Thailand's Criminal Code 'Lèse-Majesté' Article 112 imposes jail terms for defaming, insulting, or threatening the monarchy, with sentences of three to 15 years. This law has been present in Thai politics since 1908, though applied sparingly, only when direct verbal or written attacks against members of the royal family.

But after the May 2014 military coup d'état, Thailand experienced the first wave of lèse-majesté arrests, prosecutions, and detentions of at least 127 individuals arrested in a much wider interpretation of the law.

The recent report 'Second Wave: The Return of Lèse-Majesté in Thailand', documents how the Thai government has "used and abused Article 112 of the Criminal Code to target pro-democracy activists and protesters in relation to their online political expression and participation in peaceful pro-democracy demonstrations."

Criticism of any 'royal project'

The investigation shows 124 individuals, including at least eight minors, have been charged with lèse-majesté between November 2020 and August 2021. Nineteen of them served jail time. The new wave of charges is cited as a response to the rising pro-democracy protests across Thailand over the past year.

Juthatip Sirikan explains that the law is now being applied in such a broad way that people are not allowed to question government budgets and expenditure if they have any relationship with the royal family, which stifles criticism of the most basic government decision-making since there are an estimated 5,000 ongoing "royal" projects. "Article 112 of lèse-majesté could be the key (factor) in Thailand's political problems" the young activist argues.

In 2020 the Move Forward opposition party questioned royal spending paid by government departments, including nearly 3 billion baht (89,874,174 USD) from the Defense Ministry and Thai police for royal security, and 7 billion baht budgeted for royal development projects, as well as 38 planes and helicopters for the monarchy. Previously, on June 16, 2018, it was revealed that Thailand's Crown Property Bureau transferred its entire portfolio to the new King Maha Vajiralongkorn.

photo of graffiti of 112 crossed out on sidewalk

Protestors In Bangkok Call For Political Prisoner Release

Peerapon Boonyakiat/SOPA Images via ZUMA Wire

Freedom of speech at stake

"Article 112 shuts down all freedom of speech in this country", says Sirikan. "Even the political parties fear to touch the subject, so it blocks most things. This country cannot move anywhere if we still have this law."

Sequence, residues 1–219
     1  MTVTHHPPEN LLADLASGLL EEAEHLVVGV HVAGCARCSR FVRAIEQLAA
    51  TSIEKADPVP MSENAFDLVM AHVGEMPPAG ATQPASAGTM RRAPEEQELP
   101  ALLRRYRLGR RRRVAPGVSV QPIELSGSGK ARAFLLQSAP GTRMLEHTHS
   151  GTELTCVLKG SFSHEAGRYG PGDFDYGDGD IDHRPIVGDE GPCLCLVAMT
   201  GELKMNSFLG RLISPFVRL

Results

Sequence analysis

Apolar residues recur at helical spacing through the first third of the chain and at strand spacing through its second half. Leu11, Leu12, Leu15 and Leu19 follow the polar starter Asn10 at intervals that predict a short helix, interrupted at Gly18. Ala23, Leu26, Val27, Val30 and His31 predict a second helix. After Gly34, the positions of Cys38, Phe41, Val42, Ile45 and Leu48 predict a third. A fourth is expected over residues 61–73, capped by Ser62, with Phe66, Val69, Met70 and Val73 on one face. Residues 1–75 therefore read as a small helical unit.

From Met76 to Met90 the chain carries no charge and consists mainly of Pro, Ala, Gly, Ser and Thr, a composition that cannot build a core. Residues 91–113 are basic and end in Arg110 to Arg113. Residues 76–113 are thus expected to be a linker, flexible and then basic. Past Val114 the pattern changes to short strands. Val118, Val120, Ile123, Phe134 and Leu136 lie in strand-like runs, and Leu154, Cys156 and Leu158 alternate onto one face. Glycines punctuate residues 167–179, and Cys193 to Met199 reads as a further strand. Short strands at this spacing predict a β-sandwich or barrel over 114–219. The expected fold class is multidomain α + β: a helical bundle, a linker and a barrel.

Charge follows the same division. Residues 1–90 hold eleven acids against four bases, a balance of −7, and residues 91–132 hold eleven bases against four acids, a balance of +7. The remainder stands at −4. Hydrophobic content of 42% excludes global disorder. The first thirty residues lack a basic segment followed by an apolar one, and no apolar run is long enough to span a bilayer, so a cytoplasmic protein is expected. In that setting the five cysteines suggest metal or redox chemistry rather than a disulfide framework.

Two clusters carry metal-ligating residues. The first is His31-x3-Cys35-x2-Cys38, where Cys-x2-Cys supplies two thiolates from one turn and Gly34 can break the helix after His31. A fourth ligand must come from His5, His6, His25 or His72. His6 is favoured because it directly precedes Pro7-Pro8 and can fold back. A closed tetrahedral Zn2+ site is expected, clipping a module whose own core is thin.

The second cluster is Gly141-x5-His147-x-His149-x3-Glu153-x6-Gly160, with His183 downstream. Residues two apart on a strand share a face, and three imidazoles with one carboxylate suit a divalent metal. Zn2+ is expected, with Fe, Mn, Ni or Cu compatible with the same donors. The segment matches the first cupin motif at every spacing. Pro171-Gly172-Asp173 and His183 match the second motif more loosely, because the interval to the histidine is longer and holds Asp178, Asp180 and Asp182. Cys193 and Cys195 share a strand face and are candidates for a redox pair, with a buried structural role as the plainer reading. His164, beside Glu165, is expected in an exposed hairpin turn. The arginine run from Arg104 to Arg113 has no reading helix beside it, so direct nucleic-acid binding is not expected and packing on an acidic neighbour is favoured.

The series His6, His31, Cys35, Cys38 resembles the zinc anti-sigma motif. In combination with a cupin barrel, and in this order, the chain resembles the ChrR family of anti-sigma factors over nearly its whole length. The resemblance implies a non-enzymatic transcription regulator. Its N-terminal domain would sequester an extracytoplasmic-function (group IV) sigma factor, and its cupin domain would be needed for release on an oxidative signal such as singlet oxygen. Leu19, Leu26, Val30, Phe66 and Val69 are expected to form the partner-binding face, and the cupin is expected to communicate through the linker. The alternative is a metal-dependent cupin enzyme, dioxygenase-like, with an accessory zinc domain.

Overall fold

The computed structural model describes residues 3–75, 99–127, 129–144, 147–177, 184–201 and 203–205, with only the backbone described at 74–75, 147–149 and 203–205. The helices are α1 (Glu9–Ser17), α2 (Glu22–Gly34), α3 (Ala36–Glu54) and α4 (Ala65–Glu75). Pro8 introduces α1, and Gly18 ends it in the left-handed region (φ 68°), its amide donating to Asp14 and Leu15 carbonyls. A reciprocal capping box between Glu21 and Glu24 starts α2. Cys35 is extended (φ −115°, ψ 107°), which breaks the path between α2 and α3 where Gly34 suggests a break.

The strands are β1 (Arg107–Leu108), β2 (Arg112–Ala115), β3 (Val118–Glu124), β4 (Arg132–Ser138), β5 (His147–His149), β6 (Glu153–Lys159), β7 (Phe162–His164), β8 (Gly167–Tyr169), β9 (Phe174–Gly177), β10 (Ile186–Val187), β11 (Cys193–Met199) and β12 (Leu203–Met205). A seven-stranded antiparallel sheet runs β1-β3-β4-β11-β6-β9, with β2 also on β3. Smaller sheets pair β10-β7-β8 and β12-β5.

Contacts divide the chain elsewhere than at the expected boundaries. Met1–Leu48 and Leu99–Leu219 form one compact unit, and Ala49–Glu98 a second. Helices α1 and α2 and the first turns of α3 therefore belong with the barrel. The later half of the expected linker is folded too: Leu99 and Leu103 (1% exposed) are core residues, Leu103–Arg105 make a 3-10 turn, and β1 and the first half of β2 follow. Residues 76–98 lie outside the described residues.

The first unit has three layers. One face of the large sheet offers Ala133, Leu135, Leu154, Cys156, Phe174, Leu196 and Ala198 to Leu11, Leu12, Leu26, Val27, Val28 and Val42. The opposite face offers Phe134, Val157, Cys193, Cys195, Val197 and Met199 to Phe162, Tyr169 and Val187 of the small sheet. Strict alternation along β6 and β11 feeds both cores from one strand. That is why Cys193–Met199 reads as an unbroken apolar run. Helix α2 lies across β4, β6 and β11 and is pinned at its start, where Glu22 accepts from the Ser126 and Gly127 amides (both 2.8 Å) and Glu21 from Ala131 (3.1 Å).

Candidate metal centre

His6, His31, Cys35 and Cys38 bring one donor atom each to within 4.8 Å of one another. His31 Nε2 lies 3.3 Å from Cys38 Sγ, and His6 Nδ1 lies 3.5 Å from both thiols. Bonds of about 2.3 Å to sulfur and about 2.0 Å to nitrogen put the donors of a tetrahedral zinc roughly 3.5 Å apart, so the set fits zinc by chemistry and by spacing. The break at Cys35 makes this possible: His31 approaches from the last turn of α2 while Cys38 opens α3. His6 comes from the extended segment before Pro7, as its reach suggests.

The student activist herself was charged with lèse-majesté in September 2020, after simply citing a list of public documents that refer to royal family expenditure. Sirikan comes from a family that has faced the consequences of decades of political repression. Her grandfather, Tiang Sirikhan was a journalist and politician who openly protested against Thailand's involvement in World War II. He was accused of being a Communist and abducted in 1952. According to Sirikhan's family, he was killed by the state.

The new report was conducted by The International Federation for Human Rights (FIDH), Thai Lawyer for Human Rights (TLHR), and Internet Law Reform Dialogue (iLaw). It accuses Thai authorities of an increasingly broad interpretation of Article 112, to the point of "absurdity," including charges against people for criticizing the government's COVID-19 vaccine management, wearing crop tops, insulting the previous monarch, or quoting a United Nations statement about Article 112.

Juthatip Sirikan speaks in front of democracy monument.

Shift to social media

While in the past the Article was only used against people who spoke about the royals, it's now being used as an alibi for more general political repression — which has also spurred more open campaigning to abolish it. Sirikan recounts recent cases of police charging people for spreading paint near the picture of the king during a protest, or even just for having a picture of the king as phone wallpaper.

The more than a century-old law is now largely playing out online, where much of today's protest takes place in Thailand. Sirikan says people are willing to go further on social media to expose information such as how the king intervenes in politics and the monarchy's accumulation of wealth, information the mainstream media rarely reports on them.

Not surprisingly, however, social media is heavily monitored and the military is involved in Intelligence operations and cyber attacks against human rights defenders and critics of any kind. In October 2020, Twitter took down 926 accounts, linked to the army and the government, which promoted themselves and attacked political opposition, and this June, Google removed two Maps with pictures, names, and addresses, of more than 400 people who were accused of insulting the Thai monarchy. "They are trying to control the internet as well," Sirikan says. "They are trying to censor every content that they find a threat".